ORIGINAL RESEARCH article
Anti-Type VII Collagen Antibodies Are Identified in a Subpopulation of Bullous Pemphigoid Patients With Relapse
- 1Laboratory of Dermatology, Faculty of Medicine, University of Reims Champagne-Ardenne, Reims, France
- 2Laboratory of Immunology, Reims University Hospital, University of Reims Champagne-Ardenne, Reims, France
- 3Department of Dermatology, Reims University Hospital, University of Reims Champagne-Ardenne, Reims, France
- 4Department of Biological Sciences, Immunology, Faculty of Odontology, University of Reims Champagne-Ardenne, Reims, France
Bullous pemphigoid (BP) is an autoimmune bullous skin disease characterized by anti-BP180 and anti-BP230 autoantibodies (AAbs). Mucous membrane involvement is an uncommon clinical feature of BP which may evoke epidermolysis bullosa acquisita, another skin autoimmune disease characterized by anti-type VII collagen AAbs. We therefore evaluated the presence of anti-type VII collagen AAbs in the serum of BP patients with and without mucosal lesions at time of diagnosis and under therapy. Anti-BP180, anti-BP230, and anti-type VII collagen AAbs were measured by ELISA in the serum of unselected patients fulfilling clinical and histo/immunopathological BP criteria at baseline (n = 71) and at time of relapse (n = 24). At baseline, anti-type VII collagen AAbs were detected in 2 out of 24 patients with BP presenting with mucosal involvement, but not in patients without mucosal lesions (n = 47). At the time of relapse, 10 out of 24 BP patients either displayed a significant induction or increase of concentrations of anti-type VII collagen AAbs (P < 0.01), independently of mucosal involvement. Those 10 relapsing BP patients were also characterized by a sustained high concentration of anti-BP180 AAb, whereas the serum anti-BP230 AAb concentrations did not vary in BP patients with relapse according to the presence of anti-type VII collagen AAbs. Thus, our study showed that anti-type VII collagen along with anti-BP180 AAbs detection stratified BP patients at time of relapse, illustrating a still dysregulated immune response that could reflect a potential epitope spreading mechanism in those BP patients.
Bullous pemphigoid (BP) is the most common subepidermal autoimmune blistering skin disease that preferentially affects the elderly with various clinical manifestations. Clinically, BP patients typically present at diagnosis vesicles and tense clear blisters, which mainly occur on erythematous skin, together with erythematous or urticarial papules and plaques (1–4). BP is immunologically characterized by tissue-bound and circulating autoantibodies (AAbs) directed against either the BP antigen 180 (BP180) or the BP antigen 230 (BP230) or even both, which are components of hemidesmosomes involved in the dermal–epidermal cohesion (2, 3, 5–9). Most of BP patients (82–94%) display in their serum AAb that bind to the NC16A domain of the transmembrane protein BP180 (3, 10–16). AAbs against other antigenic sites of BP180 are associated with the severity and the phenotype of BP. Depending on the detection assay used, the presence of AAb against both the BP180 N- and C-terminal of the ectodomain was found to be associated with the presence of mucosal lesions (12), or not (17). When presenting with mucosal involvement, BP may suggest the BP-like, inflammatory form of epidermolysis bullosa acquisita (EBA), another skin autoimmune disease characterized by AAb directed against type VII collagen, a protein of the basement membrane zone beneath the stratified squamous epithelia (8, 18–22). However, no study has investigated yet the presence of serum anti-type VII collagen AAb at time of diagnosis of BP patients with mucosal involvement and whether these AAb are associated with BP outcome.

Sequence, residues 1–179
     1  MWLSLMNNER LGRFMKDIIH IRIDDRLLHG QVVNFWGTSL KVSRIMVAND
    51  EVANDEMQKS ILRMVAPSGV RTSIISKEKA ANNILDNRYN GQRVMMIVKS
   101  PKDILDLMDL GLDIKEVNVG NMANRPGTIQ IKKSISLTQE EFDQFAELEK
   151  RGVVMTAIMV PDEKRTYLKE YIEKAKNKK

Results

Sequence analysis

Loss of immune self-tolerance eventually leads to the generation of AAb (22). Among the different AAb in BP, the pathogenicity was mainly attributed to those directed against the NC16A domain of BP180 (9, 10, 23, 24). Actually, high serum level of anti-BP180 NC16A AAb was correlated with disease activity at time of diagnosis and was shown as an independent risk factor for BP relapse after cessation of therapy (14, 15, 25–27). In addition, approximately 30% of the BP patients relapse during the first year of treatment (16, 28–31). For those latter BP patients, it was shown that the variations of serum IgG AAb directed toward the BP180 NC16A domain after 2 months of therapy may be useful to predict BP outcome (16, 32). However up to now, a comparison in BP patients of the AAb profile at time of relapse vs. baseline has been investigated neither with respect to mucosal involvement nor with respect to antibody directed against other epidermal basement membrane autoantigens such as the type VII collagen.
In this study, we investigated certain autoimmunity markers which result from the disturbance of self-tolerance in BP both at baseline with respect to mucous membrane involvement and at time of relapse. To that purpose, the presence of AAb against type VII collagen was evaluated at time of diagnosis both in the serum of BP patients with and without mucosal involvement. Furthermore, serum anti-type VII collagen AAb titer at baseline and at time of relapse was analyzed according to the initial clinical BP phenotype at baseline and compared with anti-BP180 and anti-BP230 AAb serum profiles.
Materials and Methods